I being a mobile resident of Hong Kong, never staying too long anymore, just passing through between assignments in other countries always is aware of this black n white, local Chinese style dressed women and men.  I understand poverty. I see it every day in Asia’s poorest communities. Thus, I expect a similar level of poverty to exist on the edge of any richer community. The poor have always coexisted next to the rich but as individual and family income increases people grow further away from understanding the woos of the poor.  As we improve our lifestyles we move ahead leaving behind past financial problems. As countries industrialize expectations change. And, it is mostly only those who work in the field of poverty alleviation that truly understands the concerns, issues, problems, risks of being poor in a modern world.

In Hong Kong indifference (attitudes of not wanting to know anymore) shows. People walk around, on top of, and without courtesy or concern for the poor.  It’s a hurried environment, busy, nonstop, non caring environment.  To me the SAR is the fastest and noisiest city in the world. It is a place where you need to have a lot of money to live comfortably.  No one expects or thinks anyone should be poor. Few acknowledge, except when they are doing their philanthropic duties at Rotary, Zonta, Lions, to go out of the way to help these hidden and hard working vendors and rubbish collectors.  And, probably these workers would really not like to be acknowledged publically. To me these hidden people are ‘just’ getting on with life.  They do feed their rice bowl (that is never more evident than at 7am in the morning at Dipidongs and Yum Chow Restaurants).  But, the difference in their food consumption, their personal home belongings is the polar opposite of those in the sky rise luxury city flats or beautiful village island homes.  Today in 2012, if any of those more affluent urban dwellers were to visit the government subsidized flats, the village or city hillside tin homes, I think many would feel ashamed and guilty at the realization that people in Hong Kong—- like these rubbish collectors, still live below world health standards. Many living in appallingly uncomfortable, unsafe abodes.  It’s terrible to see these squatter huts residing beside such a rich populated dense concrete jungle skyscraper society.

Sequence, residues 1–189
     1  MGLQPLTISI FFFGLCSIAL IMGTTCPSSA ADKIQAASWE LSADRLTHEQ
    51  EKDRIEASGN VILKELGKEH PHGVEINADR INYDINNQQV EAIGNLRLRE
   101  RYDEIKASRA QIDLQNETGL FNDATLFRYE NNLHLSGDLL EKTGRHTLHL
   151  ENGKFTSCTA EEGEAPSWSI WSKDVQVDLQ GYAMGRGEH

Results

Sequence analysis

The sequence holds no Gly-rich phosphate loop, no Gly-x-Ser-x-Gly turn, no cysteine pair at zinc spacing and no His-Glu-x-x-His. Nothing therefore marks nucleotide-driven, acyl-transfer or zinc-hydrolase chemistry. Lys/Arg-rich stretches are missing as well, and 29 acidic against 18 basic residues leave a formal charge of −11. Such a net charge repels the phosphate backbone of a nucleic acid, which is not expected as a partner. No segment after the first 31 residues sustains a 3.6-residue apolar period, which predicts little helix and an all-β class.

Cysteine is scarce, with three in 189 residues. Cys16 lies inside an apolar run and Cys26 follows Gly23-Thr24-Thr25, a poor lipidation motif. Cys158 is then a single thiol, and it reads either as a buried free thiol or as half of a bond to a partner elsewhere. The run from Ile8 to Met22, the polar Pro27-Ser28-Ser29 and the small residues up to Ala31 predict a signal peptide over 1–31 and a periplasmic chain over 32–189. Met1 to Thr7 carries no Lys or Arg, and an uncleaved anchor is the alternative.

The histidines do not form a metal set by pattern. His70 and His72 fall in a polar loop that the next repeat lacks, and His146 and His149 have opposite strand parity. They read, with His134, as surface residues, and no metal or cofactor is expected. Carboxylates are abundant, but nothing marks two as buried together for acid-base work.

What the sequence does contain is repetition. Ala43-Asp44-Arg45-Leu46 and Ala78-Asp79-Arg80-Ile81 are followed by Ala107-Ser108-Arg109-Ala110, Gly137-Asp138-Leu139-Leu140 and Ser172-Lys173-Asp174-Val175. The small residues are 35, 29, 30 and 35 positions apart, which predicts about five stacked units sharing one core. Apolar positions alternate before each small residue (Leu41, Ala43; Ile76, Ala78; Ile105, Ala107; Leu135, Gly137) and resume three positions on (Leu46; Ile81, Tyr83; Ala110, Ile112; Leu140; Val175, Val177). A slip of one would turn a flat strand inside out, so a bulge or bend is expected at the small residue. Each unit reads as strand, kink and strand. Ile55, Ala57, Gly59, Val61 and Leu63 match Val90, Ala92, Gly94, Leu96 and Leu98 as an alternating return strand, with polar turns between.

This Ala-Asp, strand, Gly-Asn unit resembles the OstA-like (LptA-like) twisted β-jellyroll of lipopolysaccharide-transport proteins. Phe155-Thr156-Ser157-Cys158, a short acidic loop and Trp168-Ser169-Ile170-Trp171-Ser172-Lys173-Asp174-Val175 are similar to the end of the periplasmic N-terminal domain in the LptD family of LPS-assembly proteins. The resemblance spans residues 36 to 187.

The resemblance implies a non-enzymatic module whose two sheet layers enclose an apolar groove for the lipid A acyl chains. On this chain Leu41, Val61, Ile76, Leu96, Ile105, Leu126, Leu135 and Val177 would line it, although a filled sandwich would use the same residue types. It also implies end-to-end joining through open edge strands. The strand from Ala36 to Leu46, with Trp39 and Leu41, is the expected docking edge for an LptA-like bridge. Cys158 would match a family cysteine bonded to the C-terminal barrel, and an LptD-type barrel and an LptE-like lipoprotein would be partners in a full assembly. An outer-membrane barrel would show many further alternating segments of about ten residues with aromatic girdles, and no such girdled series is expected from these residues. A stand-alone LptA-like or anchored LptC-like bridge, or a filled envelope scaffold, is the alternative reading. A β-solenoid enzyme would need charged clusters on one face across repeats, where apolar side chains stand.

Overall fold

If you are a Hong Kong resident who lives comfortably in a flat in the Mid Levels or Stanley or Pokfulam or the Peak or in Kowloon can you name a village area with tin roof homes or 100sq foot subsidized government flats? Have you ever stepped foot into the poor’s domain?  Have you ever asked questions about these people?  I believe, but maybe I am wrong, that 90% of Hong Kong’s community can honestly answer NO to these questions.

For those of you who read this story today, I write to make you aware of poverty amongst opulence. To make you remember to open your eyes when you walk down any of the world’s city streets or visit Hong Kong.  I am sure if you look you will see evidence of the poor living amongst the rich. Be aware, it is not just in the back hills of China, or the Desert Mountains in the Middle East or the village seaside in the central Asia Pacific Islands that marginalized communities of people live. It is right here in the city in Hong Kong…….just as it is right there in America’s major cities.

Did you know that ¼ of HK children are poor, 1/6 of the households that are ranked poor are hungry, and 7% of the people live in flats smaller than 200 sq ft— (nicknamed TRAPPED CAGES)?  Twenty percent (20%) of Hong Kong residents live below the poverty line? And, as food prices increase (lunch boxes from street vendors today cost HKD 30-35 or approx USD $5-6), and inflation rises (in 2011 it was approx 7.9%); the number of poor households will become more impoverished, more hungry.

http://video.ft.com/v/1181961103001/Hong-Kong-poor-struggle-with-inflation

And, as more and more people move from rural areas to populated cities (for example from China to Hong Kong); there will be an increase of individuals, of families, living below the national standards. In Hong Kong, the vendors and collectors are just two of many marginalized groups existing today in the city.

Isn’t it interesting… I, THE AIDWORKER could be giving my time and service to the people of Hong Kong.
My knowledge on development issues pertains to this urban environment just as much as it does to a rural far flung location of the world. That’s fact not fallacy. It’s the sad truth.

What can you do to make this reality change?

2011 news on poverty in Hong Kong—–

http://www.telegraph.co.uk/news/worldnews/asia/hongkong/8818102/Hong-Kong-under-pressure-as-poverty-levels-rise.html

http://varsity.com.cuhk.edu.hk/?cat=19

http://www.oxfam.org.hk/en/news_1651.aspx